The following day the miracle was there: no red, burning foot and lower leg in sitting or standing position. I could, and can sit or stand with both feet on the ground and for as long as I want. Does that mean that the PD in my foot and lower leg is cured? The answer is “no”. I do feel the PD, however, pain and stiffness are considerably reduced. I can do it all again: walking, strolling and jogging.
The “PD-feeling” will be getting less in due time. I have experienced the “remission of the PD” twice before. It has happened again – Thank-God for that – a third time since the initial PD-outbreak in 1995.
My part in the whole of the “PD-remission process” is (there is enough proof of that): the will to go on rather than give up, praying and hoping that the PD will be brought to remission, and do a fair share of work towards it.
To my luck I must say, I have followed up the advice – which did not make much sense at first – and started padding knee-deep in the mineral-rich water of the sea. That is how it all started.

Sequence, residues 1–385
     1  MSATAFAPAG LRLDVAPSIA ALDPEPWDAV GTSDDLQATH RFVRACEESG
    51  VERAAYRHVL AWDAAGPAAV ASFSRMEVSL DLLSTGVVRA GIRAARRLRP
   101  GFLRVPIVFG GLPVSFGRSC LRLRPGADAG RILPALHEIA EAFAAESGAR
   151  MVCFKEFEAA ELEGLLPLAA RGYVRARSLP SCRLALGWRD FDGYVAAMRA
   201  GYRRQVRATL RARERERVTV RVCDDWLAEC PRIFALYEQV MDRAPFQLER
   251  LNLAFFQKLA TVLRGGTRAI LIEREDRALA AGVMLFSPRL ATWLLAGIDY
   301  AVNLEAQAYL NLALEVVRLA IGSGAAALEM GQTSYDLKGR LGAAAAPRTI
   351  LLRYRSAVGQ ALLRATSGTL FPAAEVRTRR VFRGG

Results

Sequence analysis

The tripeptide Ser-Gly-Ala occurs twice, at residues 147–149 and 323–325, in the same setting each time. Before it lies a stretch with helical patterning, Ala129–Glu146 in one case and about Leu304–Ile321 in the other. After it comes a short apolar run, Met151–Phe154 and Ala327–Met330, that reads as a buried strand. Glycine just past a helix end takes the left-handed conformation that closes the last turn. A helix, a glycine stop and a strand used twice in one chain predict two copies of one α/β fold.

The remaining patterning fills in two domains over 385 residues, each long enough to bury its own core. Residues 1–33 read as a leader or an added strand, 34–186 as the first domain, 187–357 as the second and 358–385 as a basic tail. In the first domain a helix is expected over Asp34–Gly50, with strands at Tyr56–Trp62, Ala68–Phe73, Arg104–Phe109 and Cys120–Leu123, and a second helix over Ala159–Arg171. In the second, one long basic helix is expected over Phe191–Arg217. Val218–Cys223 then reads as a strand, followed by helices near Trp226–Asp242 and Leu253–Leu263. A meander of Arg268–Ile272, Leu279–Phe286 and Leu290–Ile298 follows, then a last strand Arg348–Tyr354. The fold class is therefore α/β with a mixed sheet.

The additional activities such as: plodding, walking and jogging through shallow sea water, followed by walking and running through the warm, loose dune sand seem to be the optimal massaging method necessary to bring PD into remission. I have – by intuition – I was not aware of her existence back in 1996 – applied the special PD-therapy of the renowned Mrs Shinka from Macedonia.
I had told the PD-specialist that the anti-arthritis tablets had not brought about improvement let alone bringing the PD into remission. I had also informed him that, in my despair and frustration, I had resorted to applying my “own method” again.
The result I had hoped and prayed for is indisputably there: the PD has miraculously – that is the right word for what has happened – been brought into remission.
I hope that the above will be a comfort and help to fellow-PD-sufferers.